How to ask directions

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BBC Learning English How to … Asking for and giving directions

Jackie:

Hello, welcome to BBC Learning English dot com. I'm Jackie Dalton. Today's programme is all about giving and understanding directions. Our reporter Helen is new to London and has been out asking people for directions to various different places. We'll take a look at some of the key phrases that come up as she tries tofind her way around. Let's start with a simple one.

Examples Can you tell me how to get to the nearest toilet, please? To the nearest toilet? Yes, you just go down the stairs here, turn right and it's just on your right.

Jackie:

Nice and easy. 'Turn right' or 'turn left' – a simple way of telling people in which direction they should go. And if you want to describe the position of aparticular place in relation to the person you can say it's 'on your right', or 'on your left'. Let's listen to that clip once more.

Examples Can you tell me how to get to the nearest toilet, please? To the nearest toilet? Yes, you just go down the stairs here, turn right and it's just on your right.

Jackie:

Now listen out for a slightly different way of telling someone to turn left or right.Examples Can I ask you how to get to the nearest bus stop please?

How to … Asking for and giving directions bbclearningenglish.com

© BBC Learning English 2007 Page 1 of 5

Just go straight to the bottom there, just take a left turn, take a left turn – and that's it, yeah, it's just round the corner.

Jackie:

That's another way of telling someone to go in a particular direction –earlier we heard the phrase 'turn right' or 'turn left', you could also say 'take a left' or 'take a left turn'. A word that's already come up five times is 'just'. Listen to how it's used.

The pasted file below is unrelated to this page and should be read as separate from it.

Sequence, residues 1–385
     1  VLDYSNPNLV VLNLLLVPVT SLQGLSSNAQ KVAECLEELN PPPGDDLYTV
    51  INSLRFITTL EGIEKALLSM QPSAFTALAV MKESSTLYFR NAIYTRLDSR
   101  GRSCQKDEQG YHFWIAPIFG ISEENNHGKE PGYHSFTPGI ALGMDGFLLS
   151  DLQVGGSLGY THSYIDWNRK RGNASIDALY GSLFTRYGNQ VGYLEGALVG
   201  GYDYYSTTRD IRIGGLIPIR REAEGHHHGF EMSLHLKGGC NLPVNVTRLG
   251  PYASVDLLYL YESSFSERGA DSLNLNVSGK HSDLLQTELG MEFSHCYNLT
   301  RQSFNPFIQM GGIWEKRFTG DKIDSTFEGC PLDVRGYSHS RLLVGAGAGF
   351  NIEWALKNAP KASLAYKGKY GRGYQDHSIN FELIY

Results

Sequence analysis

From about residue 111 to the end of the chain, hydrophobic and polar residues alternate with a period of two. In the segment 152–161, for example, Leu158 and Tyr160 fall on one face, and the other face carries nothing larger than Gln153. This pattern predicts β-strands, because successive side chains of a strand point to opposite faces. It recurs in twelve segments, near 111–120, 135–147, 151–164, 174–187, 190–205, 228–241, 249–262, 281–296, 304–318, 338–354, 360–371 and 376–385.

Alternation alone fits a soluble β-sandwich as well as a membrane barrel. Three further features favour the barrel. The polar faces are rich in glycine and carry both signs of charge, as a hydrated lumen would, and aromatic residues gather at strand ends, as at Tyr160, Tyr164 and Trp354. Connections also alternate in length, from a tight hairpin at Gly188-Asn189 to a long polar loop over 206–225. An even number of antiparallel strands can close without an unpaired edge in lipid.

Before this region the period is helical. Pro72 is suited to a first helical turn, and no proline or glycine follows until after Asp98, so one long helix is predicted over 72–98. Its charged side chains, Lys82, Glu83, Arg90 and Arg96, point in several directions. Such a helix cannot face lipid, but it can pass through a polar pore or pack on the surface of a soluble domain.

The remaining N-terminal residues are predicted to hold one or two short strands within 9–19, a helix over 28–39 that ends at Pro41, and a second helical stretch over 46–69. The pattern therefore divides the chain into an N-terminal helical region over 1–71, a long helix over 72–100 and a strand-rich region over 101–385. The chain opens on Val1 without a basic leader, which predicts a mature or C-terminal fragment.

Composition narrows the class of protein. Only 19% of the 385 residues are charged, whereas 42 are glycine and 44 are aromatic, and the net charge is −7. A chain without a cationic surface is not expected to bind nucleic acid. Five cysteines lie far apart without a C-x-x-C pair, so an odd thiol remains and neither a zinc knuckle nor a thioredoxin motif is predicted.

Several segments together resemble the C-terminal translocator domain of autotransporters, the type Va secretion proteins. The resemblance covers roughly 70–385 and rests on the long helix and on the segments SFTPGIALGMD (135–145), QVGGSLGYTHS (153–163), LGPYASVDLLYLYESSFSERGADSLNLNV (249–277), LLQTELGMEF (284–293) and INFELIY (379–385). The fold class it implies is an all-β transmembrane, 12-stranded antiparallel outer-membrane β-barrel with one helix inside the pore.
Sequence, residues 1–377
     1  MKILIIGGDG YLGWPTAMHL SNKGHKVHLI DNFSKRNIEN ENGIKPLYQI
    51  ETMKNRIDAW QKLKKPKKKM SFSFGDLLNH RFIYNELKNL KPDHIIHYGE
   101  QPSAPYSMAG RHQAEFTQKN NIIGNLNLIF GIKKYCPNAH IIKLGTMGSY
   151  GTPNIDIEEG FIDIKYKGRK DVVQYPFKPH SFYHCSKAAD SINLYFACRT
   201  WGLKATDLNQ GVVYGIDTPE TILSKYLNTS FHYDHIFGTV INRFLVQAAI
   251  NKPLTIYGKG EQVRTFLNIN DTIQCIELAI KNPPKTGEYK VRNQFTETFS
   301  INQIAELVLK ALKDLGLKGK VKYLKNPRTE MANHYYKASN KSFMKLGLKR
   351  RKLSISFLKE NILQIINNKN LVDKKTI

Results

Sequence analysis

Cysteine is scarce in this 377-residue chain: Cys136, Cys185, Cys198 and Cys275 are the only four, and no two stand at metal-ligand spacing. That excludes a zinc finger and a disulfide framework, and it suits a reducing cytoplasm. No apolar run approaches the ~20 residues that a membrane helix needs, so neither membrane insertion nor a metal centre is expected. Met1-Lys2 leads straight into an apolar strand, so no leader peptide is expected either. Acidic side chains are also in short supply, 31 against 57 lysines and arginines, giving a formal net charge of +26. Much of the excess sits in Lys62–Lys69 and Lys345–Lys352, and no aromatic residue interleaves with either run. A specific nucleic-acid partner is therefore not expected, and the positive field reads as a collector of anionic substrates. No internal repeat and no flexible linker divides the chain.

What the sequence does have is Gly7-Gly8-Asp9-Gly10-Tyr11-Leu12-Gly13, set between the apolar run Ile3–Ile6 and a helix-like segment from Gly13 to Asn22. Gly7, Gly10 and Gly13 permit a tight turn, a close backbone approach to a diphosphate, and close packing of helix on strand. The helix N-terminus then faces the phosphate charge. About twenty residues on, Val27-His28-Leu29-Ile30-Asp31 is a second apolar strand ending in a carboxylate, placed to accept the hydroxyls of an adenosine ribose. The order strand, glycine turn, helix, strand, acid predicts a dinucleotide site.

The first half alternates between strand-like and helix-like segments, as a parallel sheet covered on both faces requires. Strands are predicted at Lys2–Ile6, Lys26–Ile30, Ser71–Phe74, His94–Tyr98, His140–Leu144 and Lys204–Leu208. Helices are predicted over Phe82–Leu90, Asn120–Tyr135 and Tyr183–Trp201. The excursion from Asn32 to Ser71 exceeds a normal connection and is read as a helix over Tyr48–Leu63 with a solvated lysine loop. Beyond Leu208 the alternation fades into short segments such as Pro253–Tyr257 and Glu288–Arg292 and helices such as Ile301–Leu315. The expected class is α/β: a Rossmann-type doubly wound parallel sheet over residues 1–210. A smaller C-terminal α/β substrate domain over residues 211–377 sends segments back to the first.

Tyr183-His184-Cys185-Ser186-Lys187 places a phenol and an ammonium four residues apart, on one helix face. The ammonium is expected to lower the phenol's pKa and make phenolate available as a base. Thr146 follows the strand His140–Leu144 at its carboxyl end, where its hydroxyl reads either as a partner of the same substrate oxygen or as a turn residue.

Examples You just go down the stairs here, turn right and it's just on your right. Just go straight to the bottom there, just take a left turn, take a left turn – and that's it, yeah, it's just round thecorner.

Jackie:

'Just' is a sort of filler and a way of suggesting that what the person has to do isn't difficult: 'Just go down the stairs' somehow sounds easier than 'Go down the stairs'. Listen again:

Examples You just go down the stairs here, turn right and it's just on your right. Just go straight to the bottom there, just take a left turn, take a left turn – and that's it, yeah, it's justround the corner.

Jackie:

One thing that can be confusing when it comes to directions is the use of the word 'right'. Listen to this clip – the word 'right' is used in three different ways.

Examples Do you know how to get to Covent Garden? Yeah, yeah, you just go…at the end of the street, go left and then go right and take the second right around the Aldwych theatre, go right up there,then go left and Covent Garden Market will just be right in front you – you just walk down…

How to … Asking for and giving directions bbclearningenglish.com

© BBC Learning English 2007 Page 2 of 5

Jackie:

Let's break that down.

Examples go left and then go right

Jackie:

simple enough – 'go right' means the same as 'turn right' or 'take a right'. What about here?

Examplesaround the Aldwych theatre, go right up there

Jackie:

'Go right up there' could be interpreted in two different ways and even a native English speaker could get confused here. The man could have meant 'turn right', or he could have meant 'go all the way up there'. 'Go right up there' - 'go all the way up there'. We say things like 'go right to the end of the road' to mean 'go all the way tothe end of the road' – very different from taking a right turn. A clue is often in the prepositions. If you’re telling someone to turn, it often comes with the preposition 'at'. For example, 'Go right at the main road'. Whereas the preposition 'up' – 'Go right up the main road' – tends to mean go all the way up the main road. If you're not sure, just ask. So that's two different uses of 'right'....
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